The Pakistani cricketer turned politician Imran Khan will lead a peace rally in Sunday to South Waziristan, a dangerous tribal region of Pakistan currently being targeted by CIA drone attacks.
The area has been off limits for years because of the war being fought between the Pakistani Taliban, Tehreek-e-Taliban Pakistan (TTP), and the army.
The rally is an attempt by Mr Khan to draw international attention to number of civilians killed and terrorised by the unmanned killer planes that are a near constant presence in the region.
Mr Khan said he hoped the march would debunk the myth that drones only kill militants.
The Pakistani Taliban issued a scathing statement on Mr Khan's march saying they will not be providing protection to thousands of expected protesters.
Spokesman Ihsan-ullah-Ishan accused the leader of opposition party Pakistan Tehreek-e-Insaf (PTI) of using the peace rally as an attempt to bolster his own political career:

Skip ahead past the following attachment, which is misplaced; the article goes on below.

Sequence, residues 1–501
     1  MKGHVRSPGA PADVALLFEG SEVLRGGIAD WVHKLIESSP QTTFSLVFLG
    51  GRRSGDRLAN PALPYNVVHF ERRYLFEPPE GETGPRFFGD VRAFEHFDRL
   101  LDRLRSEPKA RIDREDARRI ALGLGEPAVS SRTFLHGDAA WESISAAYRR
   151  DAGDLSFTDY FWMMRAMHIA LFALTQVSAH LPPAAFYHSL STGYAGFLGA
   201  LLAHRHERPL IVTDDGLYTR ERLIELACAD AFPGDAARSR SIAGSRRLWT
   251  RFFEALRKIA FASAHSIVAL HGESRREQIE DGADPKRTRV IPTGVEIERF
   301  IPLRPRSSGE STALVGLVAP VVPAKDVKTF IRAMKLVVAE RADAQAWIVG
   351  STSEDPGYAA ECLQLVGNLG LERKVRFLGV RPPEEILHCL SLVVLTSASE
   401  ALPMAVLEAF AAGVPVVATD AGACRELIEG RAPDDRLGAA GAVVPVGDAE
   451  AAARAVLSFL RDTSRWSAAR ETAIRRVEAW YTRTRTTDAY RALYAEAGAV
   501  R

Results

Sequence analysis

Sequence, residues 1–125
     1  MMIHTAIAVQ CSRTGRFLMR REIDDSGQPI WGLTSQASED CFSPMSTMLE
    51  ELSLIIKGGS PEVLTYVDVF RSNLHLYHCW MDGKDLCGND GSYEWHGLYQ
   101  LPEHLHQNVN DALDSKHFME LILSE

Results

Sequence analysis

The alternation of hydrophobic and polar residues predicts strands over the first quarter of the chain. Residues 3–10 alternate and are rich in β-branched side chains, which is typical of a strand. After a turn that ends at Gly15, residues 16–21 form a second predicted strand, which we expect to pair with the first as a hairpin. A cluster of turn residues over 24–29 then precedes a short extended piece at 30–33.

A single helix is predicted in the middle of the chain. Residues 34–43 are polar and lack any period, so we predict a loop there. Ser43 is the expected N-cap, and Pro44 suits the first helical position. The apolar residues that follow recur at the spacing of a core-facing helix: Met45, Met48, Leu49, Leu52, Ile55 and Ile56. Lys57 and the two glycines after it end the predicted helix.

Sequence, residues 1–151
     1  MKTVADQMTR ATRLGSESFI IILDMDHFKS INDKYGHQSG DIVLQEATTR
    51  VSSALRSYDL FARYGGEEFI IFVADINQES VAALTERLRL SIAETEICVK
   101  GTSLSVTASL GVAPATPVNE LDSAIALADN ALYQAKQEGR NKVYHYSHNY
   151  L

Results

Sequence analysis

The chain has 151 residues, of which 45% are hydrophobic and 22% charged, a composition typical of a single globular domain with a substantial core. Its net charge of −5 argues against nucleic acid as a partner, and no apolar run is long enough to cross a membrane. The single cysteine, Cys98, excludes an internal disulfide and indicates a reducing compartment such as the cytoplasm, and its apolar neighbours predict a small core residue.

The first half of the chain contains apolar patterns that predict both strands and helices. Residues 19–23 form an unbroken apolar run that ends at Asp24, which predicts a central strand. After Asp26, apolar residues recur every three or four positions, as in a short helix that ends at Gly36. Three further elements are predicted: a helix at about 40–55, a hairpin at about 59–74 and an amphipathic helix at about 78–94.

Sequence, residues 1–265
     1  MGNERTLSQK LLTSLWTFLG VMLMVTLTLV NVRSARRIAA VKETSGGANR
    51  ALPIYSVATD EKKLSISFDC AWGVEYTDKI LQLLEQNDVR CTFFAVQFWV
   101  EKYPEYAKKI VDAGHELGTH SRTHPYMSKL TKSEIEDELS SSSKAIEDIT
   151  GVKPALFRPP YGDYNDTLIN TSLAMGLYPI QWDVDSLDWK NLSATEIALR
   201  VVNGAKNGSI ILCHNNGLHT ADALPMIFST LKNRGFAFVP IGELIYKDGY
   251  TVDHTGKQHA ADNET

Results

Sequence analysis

There are concerns for the safety of the number of international anti-war activists attending the march.
Many women from the US campaign group Code Pink have been protesting against the use of drones in the USA and in Pakistan.
The CIA's drone campaign has killed dozens of civilians, including those who had gone to help rescue victims or were attending funerals, according to an investigation by the Bureau of Investigative Journalism.
President Obama has repeatedly claimed that drones were "targeted, focused effort" that did not harm civilians.
The use of drones outside a declared war zone is seen by many legal experts as setting a dangerous precedent.
Khan's plan is to depart from Islamabad on Saturday with a convoy of foreigner and journalists, with a view of reaching the South Waziristan border by nightfall.
Local authorities have said they are worried about the march, as the area is generally off-limits to anyone except the people who live there.